Five nuggets of knowledge about Week 5:
Ford Field debut: Unless you count last year's rescheduled game between the Minnesota Vikings and New York Giants, Monday night will mark the first prime-time regular-season game in the history of Ford Field. It's the Lions' first appearance on "Monday Night Football" since Oct. 8, 2001. This game against the Chicago Bears has long been sold out, and the Detroit Lions sold 2,000 extra standing-room only seats. The building will be flush with people hoping to see more magic from the Lions and receiver Calvin Johnson, while also putting a three-game gap between the home team and their division rival. Here's a tip for those 2,000 of you trying to position yourself in the stadium: Johnson has caught seven of his eight touchdown passes on the right side of the field this season. Just sayin'.
Protecting Cutler: What's the best way to keep Bears quarterback Jay Cutler off his back Monday night? Improved pass protection or minimal pass plays? I'm sure the Bears would like both, but they might have to settle for the former. The Lions have an opportunistic and feisty defense, but they can be run against. Through four games, opponents are averaging 4.8 yards per rush against them, the 10th-highest mark in the league. The Lions have a modest nine sacks this season, but the Bears don't want to take their chances against Ndamukong Suh and company. As of this moment, it appears the Bears will have a different set of starters on the right side of their offensive line, including right tackle Frank Omiyale, who was benched last week against the Carolina Panthers. Run, Bears, run.
Quick starts: The Green Bay Packers scored 28 points in the second quarter of last year's divisional playoff game against the Atlanta Falcons. That trend has continued in the 2011 season and would be the perfect avenue to taking out what will surely be an electric crowd Sunday night at the Georgia Dome. The Packers rank second in the NFL with 80 first-half points and are tied for the NFL lead with seven touchdown passes in the first half, according to ESPN Stats & Information. Receiver Greg Jennings has 17 first-half receptions, second in the NFL. There is no doubt the Packers will try to jump on the Falcons early, and it wouldn't be surprising to see them use their new no-huddle scheme to do so.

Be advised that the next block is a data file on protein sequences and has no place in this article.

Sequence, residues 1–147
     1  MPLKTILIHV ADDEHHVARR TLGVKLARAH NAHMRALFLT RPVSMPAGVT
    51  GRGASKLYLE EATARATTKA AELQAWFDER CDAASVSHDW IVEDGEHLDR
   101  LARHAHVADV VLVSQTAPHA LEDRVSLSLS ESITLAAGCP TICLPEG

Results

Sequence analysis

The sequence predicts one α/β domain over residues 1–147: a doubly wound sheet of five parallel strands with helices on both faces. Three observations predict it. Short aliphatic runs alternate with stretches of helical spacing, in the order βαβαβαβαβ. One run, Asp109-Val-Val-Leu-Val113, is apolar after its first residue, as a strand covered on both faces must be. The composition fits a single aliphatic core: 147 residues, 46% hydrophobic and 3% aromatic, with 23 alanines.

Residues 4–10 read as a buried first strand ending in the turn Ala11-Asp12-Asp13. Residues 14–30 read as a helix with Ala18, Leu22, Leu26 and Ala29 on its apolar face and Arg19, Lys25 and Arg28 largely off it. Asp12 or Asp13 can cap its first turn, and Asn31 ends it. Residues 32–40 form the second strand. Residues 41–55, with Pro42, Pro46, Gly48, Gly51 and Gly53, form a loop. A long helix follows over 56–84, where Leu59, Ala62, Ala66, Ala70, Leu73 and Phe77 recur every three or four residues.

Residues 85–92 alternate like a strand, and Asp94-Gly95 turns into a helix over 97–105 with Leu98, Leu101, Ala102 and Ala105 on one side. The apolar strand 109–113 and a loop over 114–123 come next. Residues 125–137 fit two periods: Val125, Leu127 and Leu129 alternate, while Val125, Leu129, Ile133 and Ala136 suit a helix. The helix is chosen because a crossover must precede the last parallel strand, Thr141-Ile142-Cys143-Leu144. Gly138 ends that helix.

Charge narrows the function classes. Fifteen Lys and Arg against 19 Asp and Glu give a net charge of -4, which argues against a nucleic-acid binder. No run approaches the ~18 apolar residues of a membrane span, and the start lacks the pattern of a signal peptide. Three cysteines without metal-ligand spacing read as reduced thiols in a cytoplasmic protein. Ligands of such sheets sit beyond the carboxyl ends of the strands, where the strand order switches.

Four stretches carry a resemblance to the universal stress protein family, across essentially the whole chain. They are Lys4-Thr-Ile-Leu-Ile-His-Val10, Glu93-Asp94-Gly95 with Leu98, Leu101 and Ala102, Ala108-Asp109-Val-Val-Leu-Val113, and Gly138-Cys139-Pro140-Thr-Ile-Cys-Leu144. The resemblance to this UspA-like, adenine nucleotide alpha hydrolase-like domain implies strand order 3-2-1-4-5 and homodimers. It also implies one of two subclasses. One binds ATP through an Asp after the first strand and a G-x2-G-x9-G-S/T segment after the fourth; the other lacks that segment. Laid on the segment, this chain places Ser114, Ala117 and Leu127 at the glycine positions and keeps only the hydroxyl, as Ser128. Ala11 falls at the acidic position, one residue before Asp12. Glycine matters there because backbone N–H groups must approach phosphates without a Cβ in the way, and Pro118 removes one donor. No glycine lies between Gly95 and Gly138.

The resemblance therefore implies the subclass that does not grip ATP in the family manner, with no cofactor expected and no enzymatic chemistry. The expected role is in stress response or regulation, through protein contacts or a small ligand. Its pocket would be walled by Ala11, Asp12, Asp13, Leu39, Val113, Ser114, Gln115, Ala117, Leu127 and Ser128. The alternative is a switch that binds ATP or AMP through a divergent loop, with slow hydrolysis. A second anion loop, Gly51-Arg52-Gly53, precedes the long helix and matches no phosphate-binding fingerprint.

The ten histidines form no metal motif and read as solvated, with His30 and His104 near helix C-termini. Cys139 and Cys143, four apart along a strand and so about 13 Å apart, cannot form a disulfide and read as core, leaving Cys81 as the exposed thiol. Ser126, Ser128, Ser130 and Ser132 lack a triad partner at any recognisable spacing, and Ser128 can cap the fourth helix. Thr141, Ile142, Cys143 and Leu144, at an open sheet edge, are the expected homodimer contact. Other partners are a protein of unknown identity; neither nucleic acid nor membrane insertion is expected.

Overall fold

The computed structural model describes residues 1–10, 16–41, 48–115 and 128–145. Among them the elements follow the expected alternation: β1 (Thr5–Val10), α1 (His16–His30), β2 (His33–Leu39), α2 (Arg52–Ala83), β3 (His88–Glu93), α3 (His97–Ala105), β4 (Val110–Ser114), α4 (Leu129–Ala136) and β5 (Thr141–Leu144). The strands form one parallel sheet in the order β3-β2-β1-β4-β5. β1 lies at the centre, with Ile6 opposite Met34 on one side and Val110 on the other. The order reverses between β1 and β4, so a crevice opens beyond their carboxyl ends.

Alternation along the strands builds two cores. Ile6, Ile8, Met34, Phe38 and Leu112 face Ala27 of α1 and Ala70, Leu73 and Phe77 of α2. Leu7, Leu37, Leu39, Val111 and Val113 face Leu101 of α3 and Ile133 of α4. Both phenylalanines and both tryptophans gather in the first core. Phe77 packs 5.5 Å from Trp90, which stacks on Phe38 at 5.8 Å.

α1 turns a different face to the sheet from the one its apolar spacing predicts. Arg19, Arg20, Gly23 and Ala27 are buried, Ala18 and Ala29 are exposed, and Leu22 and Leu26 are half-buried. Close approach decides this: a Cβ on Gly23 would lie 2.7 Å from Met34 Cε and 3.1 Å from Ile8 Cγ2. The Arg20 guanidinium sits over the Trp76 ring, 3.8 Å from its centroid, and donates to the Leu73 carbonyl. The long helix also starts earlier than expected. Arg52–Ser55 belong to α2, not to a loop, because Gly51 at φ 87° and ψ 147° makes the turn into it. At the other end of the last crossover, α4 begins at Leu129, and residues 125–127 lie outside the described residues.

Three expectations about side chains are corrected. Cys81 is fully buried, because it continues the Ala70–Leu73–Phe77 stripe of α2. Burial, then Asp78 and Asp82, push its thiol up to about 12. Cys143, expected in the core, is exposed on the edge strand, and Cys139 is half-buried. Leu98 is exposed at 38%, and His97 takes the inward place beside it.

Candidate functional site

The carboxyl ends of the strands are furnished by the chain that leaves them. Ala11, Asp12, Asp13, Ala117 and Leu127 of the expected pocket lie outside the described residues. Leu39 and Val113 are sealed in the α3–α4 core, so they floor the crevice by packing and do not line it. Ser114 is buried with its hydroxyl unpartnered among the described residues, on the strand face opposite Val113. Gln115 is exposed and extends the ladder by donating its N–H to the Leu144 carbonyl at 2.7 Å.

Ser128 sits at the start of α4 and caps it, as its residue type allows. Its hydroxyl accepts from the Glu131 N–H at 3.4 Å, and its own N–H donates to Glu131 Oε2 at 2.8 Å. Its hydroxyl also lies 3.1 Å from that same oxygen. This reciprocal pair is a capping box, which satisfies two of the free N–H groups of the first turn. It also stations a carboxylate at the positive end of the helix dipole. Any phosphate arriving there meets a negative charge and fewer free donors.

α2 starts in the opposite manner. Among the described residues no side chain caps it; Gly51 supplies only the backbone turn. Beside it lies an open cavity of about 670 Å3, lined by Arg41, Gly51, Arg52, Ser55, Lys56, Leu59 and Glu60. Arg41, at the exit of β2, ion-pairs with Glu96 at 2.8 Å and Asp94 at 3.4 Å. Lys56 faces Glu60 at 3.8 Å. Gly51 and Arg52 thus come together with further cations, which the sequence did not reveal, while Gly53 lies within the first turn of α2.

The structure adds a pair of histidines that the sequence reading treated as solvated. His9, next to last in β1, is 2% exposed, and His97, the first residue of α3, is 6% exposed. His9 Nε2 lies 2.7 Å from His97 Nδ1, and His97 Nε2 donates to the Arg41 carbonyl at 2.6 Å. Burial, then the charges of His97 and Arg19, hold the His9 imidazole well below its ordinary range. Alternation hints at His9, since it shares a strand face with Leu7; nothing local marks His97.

Getting outside: Why did the Falcons trade up in the draft to select receiver Julio Jones? Largely because the Packers' cornerback tandem of Charles Woodson and Tramon Williams dominated their receivers on the outside in last year's pair of matchups. Woodson and Williams limited Falcons quarterback Matt Ryan to 4.6 yards per attempt on passes outside the numbers, according to ESPN Stats & Information, and Ryan finished those two games with a cumulative Total Quarterback Rating of 3.2 on such passes. Both cornerbacks have struggled at times this season, Williams in part because of a bruised right shoulder, and it will be interesting to see if the Falcons try to capitalize with Jones, who has 24 receptions in his first four NFL games.
So close: Will Sunday be the day the Vikings break the ice? They have been historically close to this point; rarely has an NFL team started 0-4 by such a slim margin. The Vikings' four losses have come by a combined 19 points, fewer than all 0-4 teams since the 1970 merger except for the 1991 Tampa Bay Buccaneers (13) and the 1974 Detroit Lions (14), according to the Elias Sports Bureau. I think that's why coach Leslie Frazier hasn't instituted personnel changes or shown any indication he plans to veer from his original vision. He believes the Vikings have been too close in their four losses to merit an overhaul. Maybe all they need is a home game against a 1-3 opponent to get things started. Hello, Arizona Cardinals.